AAA: Despite high prices at the pump, summer travel expected to rise this year

Data shows consumer prices rose 0.3% in April after rising 1.2% in March

The peak is likely behind us, but inflation is still being felt in wallets across America

SALEM, Va. – Dr. Alice Kassens, Economics Professor at Roanoke College, says many factors are to blame for inflation and there is no clear end in sight, especially if you’re expected pre-pandemic prices.

Wednesday, The U.S. Bureau of Labor Statistics released data saying consumer prices rose 0.3% in April after rising 1.2% in March.

Some are seeing it as a sign that the high price of food and gas and other services may soon taper off.

“It’s moving in the right direction, but it’s taking a long time,” stated Dr. Kassens.

The price hikes have hit everything from food to travel.

Morgan Dean with AAA breaks down gas prices in the Roanoke area.

“Roanoke is at $4.16 today. That’s $0.02 from the all-time high record set back on March 11. It’s up $0.19 in a week, $0.27 in a month, and $1.41 more expensive than this day last year.”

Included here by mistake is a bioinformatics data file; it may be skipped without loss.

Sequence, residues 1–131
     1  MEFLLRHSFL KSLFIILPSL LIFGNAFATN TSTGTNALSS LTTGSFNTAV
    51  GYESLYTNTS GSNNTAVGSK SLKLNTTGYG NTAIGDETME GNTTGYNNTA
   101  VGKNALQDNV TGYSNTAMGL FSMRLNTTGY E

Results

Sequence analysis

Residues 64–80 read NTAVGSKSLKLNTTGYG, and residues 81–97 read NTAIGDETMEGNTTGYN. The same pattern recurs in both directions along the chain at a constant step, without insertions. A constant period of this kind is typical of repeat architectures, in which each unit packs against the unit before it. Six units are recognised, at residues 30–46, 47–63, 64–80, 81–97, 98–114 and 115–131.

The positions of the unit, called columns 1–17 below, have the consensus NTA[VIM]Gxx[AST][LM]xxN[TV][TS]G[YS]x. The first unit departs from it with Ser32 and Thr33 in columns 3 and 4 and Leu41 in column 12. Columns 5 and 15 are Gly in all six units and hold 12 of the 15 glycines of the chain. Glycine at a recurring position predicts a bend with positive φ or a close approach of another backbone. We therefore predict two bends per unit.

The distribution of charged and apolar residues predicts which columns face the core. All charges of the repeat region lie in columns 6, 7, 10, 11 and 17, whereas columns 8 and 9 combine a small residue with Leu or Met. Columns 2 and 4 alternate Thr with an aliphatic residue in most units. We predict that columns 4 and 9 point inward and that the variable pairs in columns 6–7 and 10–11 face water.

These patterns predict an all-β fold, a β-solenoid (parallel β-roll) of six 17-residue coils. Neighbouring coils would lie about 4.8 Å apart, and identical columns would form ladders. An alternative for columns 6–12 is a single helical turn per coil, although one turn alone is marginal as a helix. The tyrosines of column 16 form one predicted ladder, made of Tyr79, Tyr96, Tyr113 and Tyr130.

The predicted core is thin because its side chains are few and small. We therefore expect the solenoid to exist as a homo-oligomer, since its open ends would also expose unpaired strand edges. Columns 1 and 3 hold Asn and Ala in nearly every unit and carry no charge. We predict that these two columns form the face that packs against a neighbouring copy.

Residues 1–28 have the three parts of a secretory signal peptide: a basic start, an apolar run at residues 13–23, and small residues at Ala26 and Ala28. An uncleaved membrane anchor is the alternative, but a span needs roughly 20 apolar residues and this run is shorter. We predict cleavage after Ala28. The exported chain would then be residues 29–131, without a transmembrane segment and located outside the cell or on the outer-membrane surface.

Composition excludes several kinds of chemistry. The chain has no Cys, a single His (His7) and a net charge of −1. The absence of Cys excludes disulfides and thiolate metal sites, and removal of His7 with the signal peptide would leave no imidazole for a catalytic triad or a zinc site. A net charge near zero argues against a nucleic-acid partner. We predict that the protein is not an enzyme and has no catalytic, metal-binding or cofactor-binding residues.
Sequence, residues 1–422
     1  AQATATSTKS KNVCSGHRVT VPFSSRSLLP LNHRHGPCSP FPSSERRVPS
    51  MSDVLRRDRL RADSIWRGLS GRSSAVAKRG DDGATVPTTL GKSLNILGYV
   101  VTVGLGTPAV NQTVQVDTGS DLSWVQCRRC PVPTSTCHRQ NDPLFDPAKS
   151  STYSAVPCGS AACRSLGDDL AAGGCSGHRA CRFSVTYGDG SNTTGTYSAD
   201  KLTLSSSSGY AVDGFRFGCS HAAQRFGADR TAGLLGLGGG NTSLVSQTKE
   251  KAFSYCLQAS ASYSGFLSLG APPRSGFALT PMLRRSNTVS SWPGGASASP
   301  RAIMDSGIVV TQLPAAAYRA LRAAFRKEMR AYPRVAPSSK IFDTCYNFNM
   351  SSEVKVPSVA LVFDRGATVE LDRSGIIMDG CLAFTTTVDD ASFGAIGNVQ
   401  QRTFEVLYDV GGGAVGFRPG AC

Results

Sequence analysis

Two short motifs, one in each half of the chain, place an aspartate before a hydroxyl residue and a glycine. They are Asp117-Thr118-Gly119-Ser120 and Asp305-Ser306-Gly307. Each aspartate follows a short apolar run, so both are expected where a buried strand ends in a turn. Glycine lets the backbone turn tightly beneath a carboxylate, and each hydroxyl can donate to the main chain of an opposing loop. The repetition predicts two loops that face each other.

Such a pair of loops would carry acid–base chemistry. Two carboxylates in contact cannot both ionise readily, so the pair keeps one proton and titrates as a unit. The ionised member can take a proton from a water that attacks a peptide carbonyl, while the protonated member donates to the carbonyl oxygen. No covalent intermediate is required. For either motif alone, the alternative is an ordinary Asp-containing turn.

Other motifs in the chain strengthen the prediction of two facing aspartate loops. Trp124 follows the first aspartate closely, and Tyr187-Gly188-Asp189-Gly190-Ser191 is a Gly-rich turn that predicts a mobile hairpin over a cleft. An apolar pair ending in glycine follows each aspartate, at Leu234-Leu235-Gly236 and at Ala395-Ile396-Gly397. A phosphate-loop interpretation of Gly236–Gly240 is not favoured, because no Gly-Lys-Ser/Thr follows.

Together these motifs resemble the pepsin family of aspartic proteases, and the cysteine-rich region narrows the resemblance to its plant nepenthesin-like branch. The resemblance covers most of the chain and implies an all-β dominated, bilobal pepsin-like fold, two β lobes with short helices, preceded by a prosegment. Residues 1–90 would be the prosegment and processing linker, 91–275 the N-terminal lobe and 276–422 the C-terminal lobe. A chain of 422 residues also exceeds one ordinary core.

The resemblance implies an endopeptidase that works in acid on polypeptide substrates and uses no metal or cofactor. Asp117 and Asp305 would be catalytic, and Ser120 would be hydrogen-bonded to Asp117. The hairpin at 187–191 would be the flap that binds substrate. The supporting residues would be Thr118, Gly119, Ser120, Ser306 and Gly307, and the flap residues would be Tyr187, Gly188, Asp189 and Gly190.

Dr. Kassens explains what’s causing this inflation and how long economists think it will last.

“No one has a crystal ball and can see when China is going to fully open up when the war in Ukraine is going to come to an end, when all of the supply chain and labor shortage issues will come to an end,” said Dr. Kassens.

Despite the high rise, the summer travel season is heating up and people are choosing to cool off away from home. AAA says bookings are up, but people are traveling with a strategy.

“We’ve had some people that said, ‘Hey, here’s what I think it’s going to cost me to drive my car to this destination. Can you help me look to see if airlines’ tickets will be cheaper,’” said Dean.

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About the Author:

McKinley Strother joined the WSLS 10 News team in June 2020. He anchors 10 News at 6 and 11 on Saturdays and Sundays and you'll also catch him reporting during the week.